David Cameron is preparing to make his first major speech as Tory leader, as the party gathers for its spring conference in Manchester.
Mr Cameron will also visit community projects in Manchester
The Conservatives hope the urban venue will emphasise Mr Cameron's vision of rebuilding the party in the big cities.
Lord Heseltine - picked by Mr Cameron to lead his cities task force - will make a keynote speech on Friday.
Ahead of the event, party chairman Francis Maude warned it faced an "uphill struggle" to regain power.
The BBC's political correspondent Mark Sanders said Mr Cameron was desperate to shed the Conservative image as the "party of the leafy suburbs".
Meanwhile Lord Heseltine, in his first conference speech for 10 years, will say that the Tories cannot ignore urban areas, which are traditionally hostile to the party.
He will add that the nation cannot be seen in terms of packages of voters - some to be cherished, others discarded because they vote another way, our correspondent says.
Mr Maude will also make a speech outlining the challenges ahead for the party.
In an interview with London's Evening Standard, Mr Maude said the party had to turn round two decades of "decline and paralysis".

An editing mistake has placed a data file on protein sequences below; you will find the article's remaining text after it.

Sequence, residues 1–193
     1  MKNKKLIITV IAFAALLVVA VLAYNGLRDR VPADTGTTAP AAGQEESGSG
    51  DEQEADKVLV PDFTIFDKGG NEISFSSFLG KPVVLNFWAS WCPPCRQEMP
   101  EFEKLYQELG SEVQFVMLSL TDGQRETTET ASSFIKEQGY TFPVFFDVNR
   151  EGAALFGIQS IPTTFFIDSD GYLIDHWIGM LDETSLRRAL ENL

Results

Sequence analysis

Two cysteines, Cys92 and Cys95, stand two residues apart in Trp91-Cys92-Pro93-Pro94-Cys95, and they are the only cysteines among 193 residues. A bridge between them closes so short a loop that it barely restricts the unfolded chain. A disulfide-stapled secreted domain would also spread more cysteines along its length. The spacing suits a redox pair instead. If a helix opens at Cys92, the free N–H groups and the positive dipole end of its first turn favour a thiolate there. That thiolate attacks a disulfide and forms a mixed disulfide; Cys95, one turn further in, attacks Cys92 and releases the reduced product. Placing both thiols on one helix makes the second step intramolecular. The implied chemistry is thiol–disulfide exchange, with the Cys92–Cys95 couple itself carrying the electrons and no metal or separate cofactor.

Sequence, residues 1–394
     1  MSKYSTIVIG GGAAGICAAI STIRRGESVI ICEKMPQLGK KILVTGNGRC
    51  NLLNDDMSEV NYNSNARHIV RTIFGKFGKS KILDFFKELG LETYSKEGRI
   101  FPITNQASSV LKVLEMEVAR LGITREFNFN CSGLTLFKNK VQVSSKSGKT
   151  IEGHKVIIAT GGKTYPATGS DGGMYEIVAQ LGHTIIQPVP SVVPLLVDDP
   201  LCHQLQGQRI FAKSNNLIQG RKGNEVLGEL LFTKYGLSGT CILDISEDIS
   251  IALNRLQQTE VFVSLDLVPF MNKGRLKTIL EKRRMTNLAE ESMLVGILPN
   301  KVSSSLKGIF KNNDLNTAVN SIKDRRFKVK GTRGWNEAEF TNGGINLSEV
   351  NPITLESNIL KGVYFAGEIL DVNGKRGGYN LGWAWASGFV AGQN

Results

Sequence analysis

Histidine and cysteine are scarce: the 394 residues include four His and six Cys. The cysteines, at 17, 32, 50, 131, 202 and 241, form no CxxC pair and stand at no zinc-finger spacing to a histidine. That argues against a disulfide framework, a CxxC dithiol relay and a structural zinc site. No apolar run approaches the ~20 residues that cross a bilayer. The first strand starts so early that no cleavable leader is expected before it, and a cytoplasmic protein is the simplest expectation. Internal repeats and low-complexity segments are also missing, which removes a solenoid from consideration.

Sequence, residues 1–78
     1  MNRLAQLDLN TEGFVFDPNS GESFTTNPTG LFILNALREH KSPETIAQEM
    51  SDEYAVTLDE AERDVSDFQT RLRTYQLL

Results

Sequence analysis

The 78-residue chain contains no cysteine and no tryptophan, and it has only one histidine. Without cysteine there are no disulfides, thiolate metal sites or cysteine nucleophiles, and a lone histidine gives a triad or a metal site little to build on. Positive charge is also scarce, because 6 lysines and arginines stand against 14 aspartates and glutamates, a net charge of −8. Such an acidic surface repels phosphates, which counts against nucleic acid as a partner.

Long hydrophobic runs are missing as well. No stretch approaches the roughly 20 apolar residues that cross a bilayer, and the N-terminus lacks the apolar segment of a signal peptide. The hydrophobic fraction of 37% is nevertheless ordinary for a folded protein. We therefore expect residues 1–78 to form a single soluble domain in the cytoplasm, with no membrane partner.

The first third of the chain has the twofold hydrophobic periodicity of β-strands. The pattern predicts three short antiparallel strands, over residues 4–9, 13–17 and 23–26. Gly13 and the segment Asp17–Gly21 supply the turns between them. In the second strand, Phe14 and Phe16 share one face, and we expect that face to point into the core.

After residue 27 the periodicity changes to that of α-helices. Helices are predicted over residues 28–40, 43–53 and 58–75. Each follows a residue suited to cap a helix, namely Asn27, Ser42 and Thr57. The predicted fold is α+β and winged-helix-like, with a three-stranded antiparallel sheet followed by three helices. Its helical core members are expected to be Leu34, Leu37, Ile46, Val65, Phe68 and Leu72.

"We are going to have to earn every foot of the ascent. We are all aware none of this is easy. We are trying to reverse what are actually 20 years of the decline and paralysis," said Mr Maude.
"You are not going to turn that round in a day and we have to reconcile ourselves to it being a long haul, and it's not being defeatist to say we may not win the next election. It's uphill, it's a long way to go and we cannot be deterred by that.
"Whether or not we win the election - and I hope we will, and I certainly believe we can - that's still only the beginning of the process. We still have a huge amount to show in terms of persuading the country we are capable of leading the country."
Lib Dem president Simon Hughes said Mr Maude's remarks were an admission that the Tory's "cosmetic conversion" was "failing to win over the British people".
He added: "On the environment, on education and on civil liberties, the Tories have been all talk and no action."
Mr Cameron is due to give his keynote speech on Saturday and will visit community projects in Manchester during the course of the spring conference weekend.
But despite the conference's urban focus, officials were playing down the prospect of significant gains in next month's local council elections in England.
"We are quite weak in many of the inner city areas. We don't have the campaign structures," a party spokesman said.
The party has no local councillors in Manchester or other major Northern cities such as Liverpool and Newcastle.
Meanwhile, an online survey of Conservative Party members suggests David Cameron's satisfaction rating is 78%, down from 82% in January.
Shadow foreign secretary and former leader William Hague has the highest satisfaction rating, of 86%, while Mr Maude was the least popular of the ten shadow cabinet members rated, with 22%.
The survey also revealed strong backing, at 86%, for Mr Cameron's Built to Last statement of values, setting out his vision of a more compassionate Conservatism.